Democrats in a new poll said Sen. Elizabeth WarrenElizabeth WarrenWarren, Democrats urge Trump to back down from veto threat over changing Confederate-named bases OVERNIGHT DEFENSE: Joint Chiefs chairman says he regrets participating in Trump photo-op | GOP senators back Joint Chiefs chairman who voiced regret over Trump photo-op | Senate panel approves 0B defense policy bill Trump on collision course with Congress over bases with Confederate names MORE (D-Mass.) was the winner of the second round of presidential debates held last week in Detroit.
Thirty-three percent of Democratic primary voters said Warren performed best, according to the Politico–Morning Consult poll released early Tuesday.
Additionally, 44 percent of respondents described Warren’s performance as “excellent” and another 30 percent said it was “good,” pollsters found.
Warren had a couple standout moments during the debate as she took on moderate long-shot candidates, such as former Rep. John DelaneyJohn DelaneyThe Hill’s Coronavirus Report: Kansas City Mayor Quinton Lucas says country needs to rethink what ‘policing’ means; US cases surpass 2 million with no end to pandemic in sight Minnesota AG Keith Ellison says racism is a bigger problem than police behavior; 21 states see uptick in cases amid efforts to reopen The Hill’s Coronavirus Report: Singapore Minister for Foreign Affairs Vivian Balakrishnan says there will be consequences from fraying US-China relations; WHO walks back claims on asymptomatic spread of virus MORE (D-Md.).
Sen. Bernie SandersBernie SandersThe Hill’s 12:30 Report: Milley apologizes for church photo-op Harris grapples with defund the police movement amid veep talk Biden courts younger voters — who have been a weakness MORE (I-Vt.) trailed Warren in the new poll at 18 percent. He was closely followed by former Vice President Joe BidenJoe BidenHillicon Valley: Biden calls on Facebook to change political speech rules | Dems demand hearings after Georgia election chaos | Microsoft stops selling facial recognition tech to police Trump finalizing executive order calling on police to use ‘force with compassion’ The Hill’s Campaign Report: Biden campaign goes on offensive against Facebook MORE, who was not on the same debate stage as Sanders and Warren, at 14 percent.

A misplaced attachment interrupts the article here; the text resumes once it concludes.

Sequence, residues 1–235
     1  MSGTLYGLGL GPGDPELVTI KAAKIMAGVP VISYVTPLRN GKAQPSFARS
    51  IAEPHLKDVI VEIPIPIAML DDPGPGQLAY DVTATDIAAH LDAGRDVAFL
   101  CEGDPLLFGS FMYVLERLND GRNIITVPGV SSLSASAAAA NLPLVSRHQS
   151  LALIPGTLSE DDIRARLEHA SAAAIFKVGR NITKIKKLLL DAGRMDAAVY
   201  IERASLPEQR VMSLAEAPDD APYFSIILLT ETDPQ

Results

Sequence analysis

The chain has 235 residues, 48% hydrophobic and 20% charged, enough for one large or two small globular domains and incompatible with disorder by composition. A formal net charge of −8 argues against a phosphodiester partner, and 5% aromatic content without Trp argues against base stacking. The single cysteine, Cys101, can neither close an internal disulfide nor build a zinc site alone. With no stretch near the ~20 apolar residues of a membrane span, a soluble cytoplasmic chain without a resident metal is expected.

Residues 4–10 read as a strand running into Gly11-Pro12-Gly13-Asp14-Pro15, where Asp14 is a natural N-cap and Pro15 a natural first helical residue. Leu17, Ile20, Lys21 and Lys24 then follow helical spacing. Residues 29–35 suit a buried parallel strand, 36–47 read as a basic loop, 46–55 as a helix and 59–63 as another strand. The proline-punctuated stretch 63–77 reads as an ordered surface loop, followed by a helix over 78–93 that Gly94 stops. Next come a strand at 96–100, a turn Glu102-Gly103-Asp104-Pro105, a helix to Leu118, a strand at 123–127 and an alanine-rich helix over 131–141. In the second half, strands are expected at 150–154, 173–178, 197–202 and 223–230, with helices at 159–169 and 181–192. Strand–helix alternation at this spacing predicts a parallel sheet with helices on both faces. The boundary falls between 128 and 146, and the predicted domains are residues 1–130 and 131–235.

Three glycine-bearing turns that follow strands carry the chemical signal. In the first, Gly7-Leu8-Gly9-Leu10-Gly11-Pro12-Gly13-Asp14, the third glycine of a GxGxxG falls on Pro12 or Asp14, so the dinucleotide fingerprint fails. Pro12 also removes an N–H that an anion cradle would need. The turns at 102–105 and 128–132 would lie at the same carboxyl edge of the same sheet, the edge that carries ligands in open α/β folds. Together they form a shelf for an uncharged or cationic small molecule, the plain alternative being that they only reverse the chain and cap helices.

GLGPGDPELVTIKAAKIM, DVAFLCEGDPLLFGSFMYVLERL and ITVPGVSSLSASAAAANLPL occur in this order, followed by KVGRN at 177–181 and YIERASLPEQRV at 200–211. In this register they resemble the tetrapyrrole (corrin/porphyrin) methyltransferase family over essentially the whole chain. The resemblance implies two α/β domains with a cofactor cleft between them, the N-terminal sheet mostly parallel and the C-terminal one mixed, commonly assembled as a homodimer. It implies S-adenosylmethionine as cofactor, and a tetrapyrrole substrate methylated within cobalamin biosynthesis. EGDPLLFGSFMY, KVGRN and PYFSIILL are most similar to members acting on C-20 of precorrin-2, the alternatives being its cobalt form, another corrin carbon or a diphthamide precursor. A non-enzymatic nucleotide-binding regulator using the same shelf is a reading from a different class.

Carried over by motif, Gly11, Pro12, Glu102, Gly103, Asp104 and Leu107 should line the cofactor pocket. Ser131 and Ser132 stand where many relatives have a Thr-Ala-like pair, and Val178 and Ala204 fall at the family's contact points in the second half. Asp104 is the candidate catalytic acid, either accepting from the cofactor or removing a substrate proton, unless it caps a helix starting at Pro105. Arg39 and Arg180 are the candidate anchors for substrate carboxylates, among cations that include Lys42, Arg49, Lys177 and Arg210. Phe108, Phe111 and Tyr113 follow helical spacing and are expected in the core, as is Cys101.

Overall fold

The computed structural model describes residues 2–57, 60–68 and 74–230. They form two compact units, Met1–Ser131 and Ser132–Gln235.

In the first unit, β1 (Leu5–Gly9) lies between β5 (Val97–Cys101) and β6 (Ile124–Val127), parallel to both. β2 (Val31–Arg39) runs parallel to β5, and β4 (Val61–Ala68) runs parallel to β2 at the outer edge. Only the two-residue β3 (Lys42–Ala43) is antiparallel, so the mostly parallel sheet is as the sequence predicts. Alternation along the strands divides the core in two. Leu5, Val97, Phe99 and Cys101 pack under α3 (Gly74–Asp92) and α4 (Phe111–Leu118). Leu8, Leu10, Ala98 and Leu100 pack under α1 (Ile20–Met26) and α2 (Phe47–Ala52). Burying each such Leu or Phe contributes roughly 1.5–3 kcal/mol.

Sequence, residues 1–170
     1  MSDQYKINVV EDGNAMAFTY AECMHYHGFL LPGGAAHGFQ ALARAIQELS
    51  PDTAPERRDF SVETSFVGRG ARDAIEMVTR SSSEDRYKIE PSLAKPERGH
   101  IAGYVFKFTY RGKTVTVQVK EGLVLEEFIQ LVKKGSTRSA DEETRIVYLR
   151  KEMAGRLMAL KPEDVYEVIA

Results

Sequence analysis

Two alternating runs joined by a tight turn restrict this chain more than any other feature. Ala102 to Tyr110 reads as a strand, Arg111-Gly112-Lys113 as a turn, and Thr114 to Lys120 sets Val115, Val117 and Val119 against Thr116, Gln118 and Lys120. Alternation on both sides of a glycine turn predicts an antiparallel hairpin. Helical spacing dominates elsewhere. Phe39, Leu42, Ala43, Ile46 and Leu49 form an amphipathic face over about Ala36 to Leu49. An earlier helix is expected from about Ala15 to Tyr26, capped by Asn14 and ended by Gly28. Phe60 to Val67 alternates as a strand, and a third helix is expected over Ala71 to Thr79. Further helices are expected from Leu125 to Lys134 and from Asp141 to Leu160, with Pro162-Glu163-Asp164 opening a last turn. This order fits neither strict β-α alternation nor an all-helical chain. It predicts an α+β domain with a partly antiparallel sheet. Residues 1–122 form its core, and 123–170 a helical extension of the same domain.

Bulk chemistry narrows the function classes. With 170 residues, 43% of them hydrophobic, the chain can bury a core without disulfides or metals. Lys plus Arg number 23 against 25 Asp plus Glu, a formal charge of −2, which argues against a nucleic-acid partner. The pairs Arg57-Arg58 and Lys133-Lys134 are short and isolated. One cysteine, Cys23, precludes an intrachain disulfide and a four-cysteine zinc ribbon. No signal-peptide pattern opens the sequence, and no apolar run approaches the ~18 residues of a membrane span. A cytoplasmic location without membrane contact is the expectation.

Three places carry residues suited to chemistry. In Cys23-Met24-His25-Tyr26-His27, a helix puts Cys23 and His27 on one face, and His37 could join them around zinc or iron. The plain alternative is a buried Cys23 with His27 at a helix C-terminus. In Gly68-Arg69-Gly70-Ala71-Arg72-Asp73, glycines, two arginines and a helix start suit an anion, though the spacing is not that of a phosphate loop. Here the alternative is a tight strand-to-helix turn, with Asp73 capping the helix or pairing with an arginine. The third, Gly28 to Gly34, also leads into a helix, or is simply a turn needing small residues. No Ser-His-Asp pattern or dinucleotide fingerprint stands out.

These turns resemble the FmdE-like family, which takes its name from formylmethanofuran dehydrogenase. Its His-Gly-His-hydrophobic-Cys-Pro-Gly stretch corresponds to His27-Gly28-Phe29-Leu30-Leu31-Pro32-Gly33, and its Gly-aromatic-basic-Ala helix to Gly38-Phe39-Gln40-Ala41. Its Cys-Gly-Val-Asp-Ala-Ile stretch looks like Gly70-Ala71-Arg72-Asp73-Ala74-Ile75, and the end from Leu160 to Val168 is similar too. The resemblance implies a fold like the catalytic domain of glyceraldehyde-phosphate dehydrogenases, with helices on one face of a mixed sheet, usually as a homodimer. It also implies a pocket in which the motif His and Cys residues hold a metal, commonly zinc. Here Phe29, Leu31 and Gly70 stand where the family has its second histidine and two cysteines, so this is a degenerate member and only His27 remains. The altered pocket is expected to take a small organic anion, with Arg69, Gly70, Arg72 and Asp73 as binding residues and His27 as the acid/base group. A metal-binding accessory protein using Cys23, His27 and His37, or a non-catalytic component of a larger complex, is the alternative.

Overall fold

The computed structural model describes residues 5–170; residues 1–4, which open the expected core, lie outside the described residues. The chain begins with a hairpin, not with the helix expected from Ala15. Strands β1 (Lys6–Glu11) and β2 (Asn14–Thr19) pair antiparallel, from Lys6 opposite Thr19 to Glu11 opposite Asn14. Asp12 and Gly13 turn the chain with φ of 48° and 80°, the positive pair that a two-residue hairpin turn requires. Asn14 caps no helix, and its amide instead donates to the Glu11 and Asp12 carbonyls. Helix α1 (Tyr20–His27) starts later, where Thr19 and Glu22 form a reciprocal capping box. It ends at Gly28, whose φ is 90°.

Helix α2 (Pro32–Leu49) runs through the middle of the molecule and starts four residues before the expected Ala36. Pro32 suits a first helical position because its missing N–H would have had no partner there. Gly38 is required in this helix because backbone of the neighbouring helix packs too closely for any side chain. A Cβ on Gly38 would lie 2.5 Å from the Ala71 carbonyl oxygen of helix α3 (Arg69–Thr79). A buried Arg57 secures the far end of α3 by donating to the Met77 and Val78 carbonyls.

Sens. Kamala HarrisKamala Devi HarrisRand Paul introduces bill to end no-knock warrants The Hill’s Campaign Report: Biden campaign goes on offensive against Facebook McEnany says Juneteenth is a very ‘meaningful’ day to Trump MORE (D-Calif.) and Cory BookerCory Anthony BookerRand Paul introduces bill to end no-knock warrants Black lawmakers unveil bill to remove Confederate statues from Capitol Harris grapples with defund the police movement amid veep talk MORE (D-N.J.) finished in the top five, at 8 and 5 percent, respectively.
All other candidates that participated in the two nights of debates polled at 3 percent or lower.
Despite the standings in debate performance, 42 percent of Democratic primary voters said Biden has the best chance of beating President TrumpDonald John TrumpSenate advances public lands bill in late-night vote Warren, Democrats urge Trump to back down from veto threat over changing Confederate-named bases Esper orders ‘After Action Review’ of National Guard’s role in protests MORE.
Seventeen percent picked Sanders and 13 percent chose Warren.
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The poll surveyed 797 Democratic primary voters from Aug. 1 to Aug. 3. There is a margin of error of 3 percentage points.
Detroit’s debates were likely the last in which voters will hear from 20 candidates over two evenings. The Democratic National Committee raised the threshold to qualify for the September debates in Houston.
Just eight candidates have qualified so far, including Warren, Biden, Harris, Booker, Sanders, Sen. Amy KlobucharAmy KlobucharHillicon Valley: Biden calls on Facebook to change political speech rules | Dems demand hearings after Georgia election chaos | Microsoft stops selling facial recognition tech to police Democrats demand Republican leaders examine election challenges after Georgia voting chaos Harris grapples with defund the police movement amid veep talk MORE (D-Minn.), South Bend, Ind. Mayor Pete ButtigiegPete ButtigiegScaled-back Pride Month poses challenges for fundraising, outreach Biden hopes to pick VP by Aug. 1 It’s as if a Trump operative infiltrated the Democratic primary process MORE (D) and former Rep. Beto O’RourkeBeto O’RourkeBiden will help close out Texas Democrats’ virtual convention: report O’Rourke on Texas reopening: ‘Dangerous, dumb and weak’ Parties gear up for battle over Texas state House MORE (D-Texas).
Two candidates, former Housing and Urban Development Secretary Julián Castro and entrepreneur Andrew YangAndrew YangGeorge Floyd protests show corporations must support racial and economic equality Andrew Yang discusses his universal basic income pilot program Andrew Yang on the George Floyd protests in Minneapolis MORE, are close to meeting the requirements.